Kashmir rights group seeks UN probe into torture by India troops
(UPI) — A rights group said Monday it wants the United Nations to look into the ways India responds to uprisings in the occupied territory of Kashmir, saying government forces there routinely use torture to subdue dissent.
Kashmir rebels have been resisting Indian rule in the occupied valley since 1989. In a study Monday, the Jammu-Kashmir Coalition of Civil Society said hundreds of civilians have been tortured in India-controlled Jammu and Kashmir since 1990. The methods include beatings with sticks, waterboarding and shocking genital areas with electricity, it said.
The 560-page report, researched for a decade, recommends an investigation be led by the U.N. Office of the High Commissioner for Human Rights. It also urges India to ratify the U.N. Convention against torture and also allow global rights groups “unhindered access” to Kashmir.The Washington Post
The group said Monday’s is the first comprehensive report on torture in the disputed areas. While the study documents incidents since 1990, it says torture methods have actually been used throughout India’s government going back to the late 1940s and has become a “matter of policy.”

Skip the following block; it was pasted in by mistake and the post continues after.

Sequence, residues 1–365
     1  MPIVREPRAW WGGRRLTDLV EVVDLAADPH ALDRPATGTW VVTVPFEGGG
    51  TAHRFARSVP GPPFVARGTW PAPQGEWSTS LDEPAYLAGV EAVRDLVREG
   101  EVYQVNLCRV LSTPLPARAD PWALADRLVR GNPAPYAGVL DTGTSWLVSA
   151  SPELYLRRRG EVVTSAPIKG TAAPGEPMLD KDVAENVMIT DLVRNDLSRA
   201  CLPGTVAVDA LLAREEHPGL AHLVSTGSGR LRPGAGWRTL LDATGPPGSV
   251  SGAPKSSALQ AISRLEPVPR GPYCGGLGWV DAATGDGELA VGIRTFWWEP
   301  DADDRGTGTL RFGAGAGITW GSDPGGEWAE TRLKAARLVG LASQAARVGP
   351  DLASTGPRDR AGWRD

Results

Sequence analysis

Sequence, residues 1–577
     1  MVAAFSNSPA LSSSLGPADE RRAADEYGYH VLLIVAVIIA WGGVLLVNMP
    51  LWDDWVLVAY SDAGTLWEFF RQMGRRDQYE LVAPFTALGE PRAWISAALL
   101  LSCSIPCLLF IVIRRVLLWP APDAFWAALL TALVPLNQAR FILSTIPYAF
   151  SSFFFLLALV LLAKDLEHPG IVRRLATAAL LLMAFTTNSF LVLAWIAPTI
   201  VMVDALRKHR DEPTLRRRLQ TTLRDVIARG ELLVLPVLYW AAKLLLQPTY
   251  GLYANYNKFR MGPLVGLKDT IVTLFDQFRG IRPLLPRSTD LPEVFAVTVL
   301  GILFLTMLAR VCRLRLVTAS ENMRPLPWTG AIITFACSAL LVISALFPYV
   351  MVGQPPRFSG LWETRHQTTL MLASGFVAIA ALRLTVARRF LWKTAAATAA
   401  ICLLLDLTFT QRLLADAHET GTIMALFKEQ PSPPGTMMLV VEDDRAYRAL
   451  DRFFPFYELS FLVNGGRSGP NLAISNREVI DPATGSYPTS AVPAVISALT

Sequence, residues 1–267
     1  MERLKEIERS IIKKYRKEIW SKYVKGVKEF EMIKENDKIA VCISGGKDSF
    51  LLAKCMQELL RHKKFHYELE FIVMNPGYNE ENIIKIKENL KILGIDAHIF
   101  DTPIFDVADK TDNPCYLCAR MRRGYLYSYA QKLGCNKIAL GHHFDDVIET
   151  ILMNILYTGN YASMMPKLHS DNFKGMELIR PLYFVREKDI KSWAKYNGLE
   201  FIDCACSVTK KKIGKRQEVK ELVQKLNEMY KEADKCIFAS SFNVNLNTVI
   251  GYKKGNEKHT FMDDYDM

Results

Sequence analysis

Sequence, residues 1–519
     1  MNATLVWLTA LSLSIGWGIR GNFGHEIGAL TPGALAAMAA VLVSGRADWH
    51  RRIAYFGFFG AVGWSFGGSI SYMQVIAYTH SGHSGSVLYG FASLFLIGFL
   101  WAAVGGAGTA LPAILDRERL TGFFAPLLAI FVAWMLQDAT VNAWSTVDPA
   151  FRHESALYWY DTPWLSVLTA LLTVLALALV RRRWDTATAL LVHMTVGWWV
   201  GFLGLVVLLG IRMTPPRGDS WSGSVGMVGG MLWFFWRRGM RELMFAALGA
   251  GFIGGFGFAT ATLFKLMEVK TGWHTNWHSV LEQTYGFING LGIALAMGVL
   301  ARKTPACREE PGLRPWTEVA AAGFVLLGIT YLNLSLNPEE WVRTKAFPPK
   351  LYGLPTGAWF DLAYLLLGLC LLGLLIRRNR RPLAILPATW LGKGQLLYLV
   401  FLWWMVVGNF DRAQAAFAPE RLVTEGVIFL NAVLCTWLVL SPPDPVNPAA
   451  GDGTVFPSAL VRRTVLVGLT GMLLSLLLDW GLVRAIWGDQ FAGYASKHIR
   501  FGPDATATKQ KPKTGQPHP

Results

The group is calling for the United Nations to form a commission to investigate the claims.
“Due to legal, political and moral impunity extended to the armed forces, not a single prosecution has taken place in any case of human rights violations in Jammu and Kashmir,” the report said.
70 per cent of those subjected to torture were in fact civilians, and this number included political and human rights activists, as well as children.The Telegraph
“Despite global attention and condemnation of torture following exposés of indiscriminate torture practiced in Guantanamo Bay and Abu Ghraib prisons, torture remains hidden in Jammu and Kashmir, where tens of thousands of civilians have been subjected to it.”
The report said 326 cases have been documented, including 121 in which subjects were hung upside down.
Parvez Imroz, president of the Jammu Kashmir Coalition of Civil Society, told Al Jazeera human rights violations have gone unabated for “many decades.”
“This report is an effort to break the silence around this heinous crime,” Imroz said.
Dilbagh Singh, the Jammu and Kashmir state director general of police, questioned the report’s claims.
“There are no such cases, if there have been any allegations, there are magisterial inquiries and other investigations,” Singh said. “If they have any such case, they must tell us and we would respond to them.”